Do I need to try QR codes again in a different setting? Yes I probably do. Am I going to put that at the top of my list of things to do? Probably not. I might save that up for a rainy day.

A visit to GoMA

One thing I love about going to Brisbane is visiting GoMA. Last weekend I took my Mum there on Saturday morning to see the Matisse exhibition. So many elegant and beautiful drawings. I dutifully noticed the QR codes throughout the exhibition and then ignored them, preferring instead just to wander about at my leisure without being hooked to my phone. So really I didn’t fully participate in this part of this exhibition. However, I was inspired to draw something in the drawing room through which you exit (along with the cafe and the gift shop). Like David Tennant’s Doctor Who I love a little shop and I did spend some money in there on a some postcards and bits and pieces. We also drank a coffee and ate some biscotti while I made my first attempt at art of any kind since Year 8 art. I am not good at drawing. Here is what I came up with.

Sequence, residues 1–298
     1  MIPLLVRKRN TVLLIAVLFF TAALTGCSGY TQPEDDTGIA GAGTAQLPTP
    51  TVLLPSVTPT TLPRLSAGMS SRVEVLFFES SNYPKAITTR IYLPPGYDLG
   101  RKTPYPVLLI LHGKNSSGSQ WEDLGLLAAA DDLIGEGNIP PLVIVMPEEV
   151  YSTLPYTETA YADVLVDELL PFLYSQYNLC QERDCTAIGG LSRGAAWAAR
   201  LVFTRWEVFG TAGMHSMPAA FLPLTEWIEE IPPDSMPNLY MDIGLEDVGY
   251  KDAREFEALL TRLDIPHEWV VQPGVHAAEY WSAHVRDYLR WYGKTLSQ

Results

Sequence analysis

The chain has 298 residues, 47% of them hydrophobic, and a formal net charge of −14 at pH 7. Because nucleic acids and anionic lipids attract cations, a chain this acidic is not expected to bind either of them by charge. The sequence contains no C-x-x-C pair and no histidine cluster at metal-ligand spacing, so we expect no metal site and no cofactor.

So in this way, the exhibition did “catch me”. It got me, the gallery user to be all participatory in a way I would never usually do. Good work GoMA.

The highlight though was the Kusama exhibit which I knew nothing about save twitter friend @KatyaHenry had recommended that I made sure I saw it. Dots, spots, colour, size. This was an immersive and participatory gallery experience and one that left me smiling and joyful. I wish I’d taken more pictures. Here is just one. Tell me, that doesn’t make you feel happy.

A visit to MONA